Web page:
Where can I ride an electric bike?

Whether your electric bike is your first bike, or you’re transitioning to an e-bike from a traditional bicycle, it’s important to know where you can and can’t ride. E-bikes are regulated by individual states, and in some cases by municipalities as well, so be sure to get familiar with your local laws.

In most states across the country, electric bikes are treated like traditional bicycles when it comes to access to bicycle trails, lanes and paths. This means that you can ride your e-bike virtually anywhere you’d ride a traditional bike. Whether you’re riding for exercise, for transportation, or simply for the fun of it, you can e-bike the best mix of roads, paths and trails to get to your destination.

In US national parks, e-bikes are currently permitted on any trails open to pedal bicycles, with some exceptions. This is great news, as it makes some of the most beautiful places in the country accessible by e-bike. As a result, an e-bike is your round-trip ticket to adventures you might never have considered on a traditional bike, or by hiking.

Moving forward, electric bikes will have even more access to trails in lands managed by the National Park Service, Bureau of Land Management, US Fish & Wildlife Service and the Bureau of Reclamation, thanks to recently-finalized regulations from the US Department of the Interior.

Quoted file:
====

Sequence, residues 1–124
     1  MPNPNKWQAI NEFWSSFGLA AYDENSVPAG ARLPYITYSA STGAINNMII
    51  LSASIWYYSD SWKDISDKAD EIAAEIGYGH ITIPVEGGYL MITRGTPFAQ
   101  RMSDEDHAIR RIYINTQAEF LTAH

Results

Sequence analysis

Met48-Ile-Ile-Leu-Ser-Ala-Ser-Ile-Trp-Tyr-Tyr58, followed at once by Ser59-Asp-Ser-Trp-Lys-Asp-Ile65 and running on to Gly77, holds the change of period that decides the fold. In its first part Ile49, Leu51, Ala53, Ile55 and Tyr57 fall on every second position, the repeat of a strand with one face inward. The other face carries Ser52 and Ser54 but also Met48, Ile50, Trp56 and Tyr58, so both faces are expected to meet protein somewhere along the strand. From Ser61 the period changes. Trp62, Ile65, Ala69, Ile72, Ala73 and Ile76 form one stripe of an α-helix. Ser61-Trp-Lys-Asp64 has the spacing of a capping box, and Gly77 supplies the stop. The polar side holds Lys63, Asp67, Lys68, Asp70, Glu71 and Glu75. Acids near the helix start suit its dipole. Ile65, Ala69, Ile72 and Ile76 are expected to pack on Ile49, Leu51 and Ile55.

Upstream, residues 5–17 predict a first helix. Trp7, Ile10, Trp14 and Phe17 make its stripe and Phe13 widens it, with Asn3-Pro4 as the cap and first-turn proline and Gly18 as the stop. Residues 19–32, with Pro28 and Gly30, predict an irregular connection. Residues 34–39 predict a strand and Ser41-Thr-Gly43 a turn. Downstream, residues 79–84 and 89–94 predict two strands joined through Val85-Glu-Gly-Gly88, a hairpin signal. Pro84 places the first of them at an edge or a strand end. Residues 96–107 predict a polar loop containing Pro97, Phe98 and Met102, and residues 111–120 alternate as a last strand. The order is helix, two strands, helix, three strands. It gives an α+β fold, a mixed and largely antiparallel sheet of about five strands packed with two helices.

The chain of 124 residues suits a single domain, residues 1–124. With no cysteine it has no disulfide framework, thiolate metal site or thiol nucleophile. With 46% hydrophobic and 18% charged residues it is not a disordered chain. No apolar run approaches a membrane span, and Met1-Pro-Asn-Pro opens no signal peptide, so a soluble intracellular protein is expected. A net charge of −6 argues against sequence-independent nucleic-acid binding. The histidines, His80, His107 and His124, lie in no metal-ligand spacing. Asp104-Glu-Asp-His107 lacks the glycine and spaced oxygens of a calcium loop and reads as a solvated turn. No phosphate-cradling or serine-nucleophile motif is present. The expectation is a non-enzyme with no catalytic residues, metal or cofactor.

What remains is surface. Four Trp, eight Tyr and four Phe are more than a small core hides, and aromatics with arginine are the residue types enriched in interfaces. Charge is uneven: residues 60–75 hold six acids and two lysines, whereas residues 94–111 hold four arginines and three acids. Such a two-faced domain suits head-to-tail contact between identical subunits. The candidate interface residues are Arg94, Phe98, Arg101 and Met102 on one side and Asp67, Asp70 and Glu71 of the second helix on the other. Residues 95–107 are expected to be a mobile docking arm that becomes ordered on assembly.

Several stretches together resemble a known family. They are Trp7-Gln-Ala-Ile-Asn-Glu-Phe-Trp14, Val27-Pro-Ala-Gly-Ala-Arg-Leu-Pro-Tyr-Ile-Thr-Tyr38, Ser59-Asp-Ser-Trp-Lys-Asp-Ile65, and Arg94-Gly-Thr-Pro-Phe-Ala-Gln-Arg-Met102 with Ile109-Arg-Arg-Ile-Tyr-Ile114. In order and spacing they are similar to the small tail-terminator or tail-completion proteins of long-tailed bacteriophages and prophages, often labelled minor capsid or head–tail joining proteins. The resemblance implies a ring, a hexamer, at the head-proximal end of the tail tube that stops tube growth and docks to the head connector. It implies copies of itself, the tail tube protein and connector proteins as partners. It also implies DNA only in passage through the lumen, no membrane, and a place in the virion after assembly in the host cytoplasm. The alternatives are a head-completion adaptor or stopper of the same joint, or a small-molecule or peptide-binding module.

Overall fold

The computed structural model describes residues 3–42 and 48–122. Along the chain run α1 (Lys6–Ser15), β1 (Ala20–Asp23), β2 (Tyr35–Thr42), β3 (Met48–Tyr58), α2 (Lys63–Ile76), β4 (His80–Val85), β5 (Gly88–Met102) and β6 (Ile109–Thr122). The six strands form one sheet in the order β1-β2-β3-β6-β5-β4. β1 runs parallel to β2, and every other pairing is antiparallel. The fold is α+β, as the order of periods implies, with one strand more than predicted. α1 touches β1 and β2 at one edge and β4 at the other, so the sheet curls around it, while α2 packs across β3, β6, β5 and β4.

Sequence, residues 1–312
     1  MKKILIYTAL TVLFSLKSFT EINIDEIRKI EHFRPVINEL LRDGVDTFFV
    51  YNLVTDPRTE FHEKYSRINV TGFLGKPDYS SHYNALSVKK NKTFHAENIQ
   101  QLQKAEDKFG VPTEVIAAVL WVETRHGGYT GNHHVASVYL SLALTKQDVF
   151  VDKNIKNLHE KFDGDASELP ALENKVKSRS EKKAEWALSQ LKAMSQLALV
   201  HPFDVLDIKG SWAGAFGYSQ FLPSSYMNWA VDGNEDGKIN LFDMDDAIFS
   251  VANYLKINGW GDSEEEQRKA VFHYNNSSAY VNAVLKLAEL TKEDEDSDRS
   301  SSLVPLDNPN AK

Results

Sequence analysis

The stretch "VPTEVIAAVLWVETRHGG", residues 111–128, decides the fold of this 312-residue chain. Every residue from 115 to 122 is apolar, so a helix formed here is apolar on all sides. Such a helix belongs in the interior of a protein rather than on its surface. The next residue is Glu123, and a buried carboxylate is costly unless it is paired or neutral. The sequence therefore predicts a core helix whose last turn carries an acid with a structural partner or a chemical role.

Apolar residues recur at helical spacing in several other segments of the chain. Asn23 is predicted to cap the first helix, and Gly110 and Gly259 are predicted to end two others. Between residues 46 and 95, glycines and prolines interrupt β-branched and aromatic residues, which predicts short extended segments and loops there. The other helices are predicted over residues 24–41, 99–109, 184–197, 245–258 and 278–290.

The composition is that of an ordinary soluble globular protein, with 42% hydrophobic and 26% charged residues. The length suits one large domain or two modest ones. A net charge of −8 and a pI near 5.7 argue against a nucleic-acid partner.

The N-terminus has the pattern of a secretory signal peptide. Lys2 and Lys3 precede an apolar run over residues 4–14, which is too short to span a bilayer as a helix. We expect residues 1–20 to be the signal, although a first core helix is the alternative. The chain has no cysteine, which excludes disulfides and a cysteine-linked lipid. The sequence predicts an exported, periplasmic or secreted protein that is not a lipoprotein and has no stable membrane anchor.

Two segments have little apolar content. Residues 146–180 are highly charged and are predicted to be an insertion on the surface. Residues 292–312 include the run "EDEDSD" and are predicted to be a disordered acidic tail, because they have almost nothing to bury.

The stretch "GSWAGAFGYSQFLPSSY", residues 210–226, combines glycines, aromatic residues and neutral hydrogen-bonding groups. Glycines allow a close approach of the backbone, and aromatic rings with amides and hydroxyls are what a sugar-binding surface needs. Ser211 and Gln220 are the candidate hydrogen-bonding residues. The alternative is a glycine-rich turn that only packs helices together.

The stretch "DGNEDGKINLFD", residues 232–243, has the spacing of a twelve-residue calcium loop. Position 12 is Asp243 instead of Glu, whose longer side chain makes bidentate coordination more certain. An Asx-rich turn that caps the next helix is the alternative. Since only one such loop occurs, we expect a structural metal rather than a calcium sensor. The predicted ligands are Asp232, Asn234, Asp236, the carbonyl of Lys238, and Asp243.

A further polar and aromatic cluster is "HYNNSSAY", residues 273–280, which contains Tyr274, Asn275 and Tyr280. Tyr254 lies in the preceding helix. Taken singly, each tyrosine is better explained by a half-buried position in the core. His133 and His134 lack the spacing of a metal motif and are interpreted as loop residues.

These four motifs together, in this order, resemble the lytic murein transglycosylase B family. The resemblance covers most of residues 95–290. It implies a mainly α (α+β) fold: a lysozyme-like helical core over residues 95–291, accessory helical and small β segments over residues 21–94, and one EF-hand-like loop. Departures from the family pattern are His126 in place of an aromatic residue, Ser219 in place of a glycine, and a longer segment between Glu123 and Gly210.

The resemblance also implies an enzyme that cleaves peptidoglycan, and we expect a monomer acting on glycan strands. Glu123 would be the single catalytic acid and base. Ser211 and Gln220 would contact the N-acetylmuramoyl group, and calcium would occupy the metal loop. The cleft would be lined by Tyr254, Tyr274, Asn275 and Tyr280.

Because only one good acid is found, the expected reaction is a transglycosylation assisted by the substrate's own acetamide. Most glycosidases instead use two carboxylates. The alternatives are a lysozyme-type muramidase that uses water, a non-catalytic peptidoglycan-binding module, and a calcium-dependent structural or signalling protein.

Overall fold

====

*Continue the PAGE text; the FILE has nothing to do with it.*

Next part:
The US Forest Service has opened about 60,000 miles, or nearly 40 percent of its national forest and grasslands trails to e-bike travel. Electric bikes are also allowed on thousands of miles of roads in national parks and grasslands (at maintenance level 2, 3, or 4).

Since electric bicycle related policies are evolving, be sure to get the latest updates from the parks and public lands you plan to visit prior to a ride or vacation with your e-bike.

Great online resources can get you onto the right path, wherever you’re riding. PeopleForBikes.org has an excellent state-by-state e-bike guide that provides an overview of the laws governing electric bicycle riding in each state. Be sure to check out the guide, then strap on your helmet and get going on your next great adventure!


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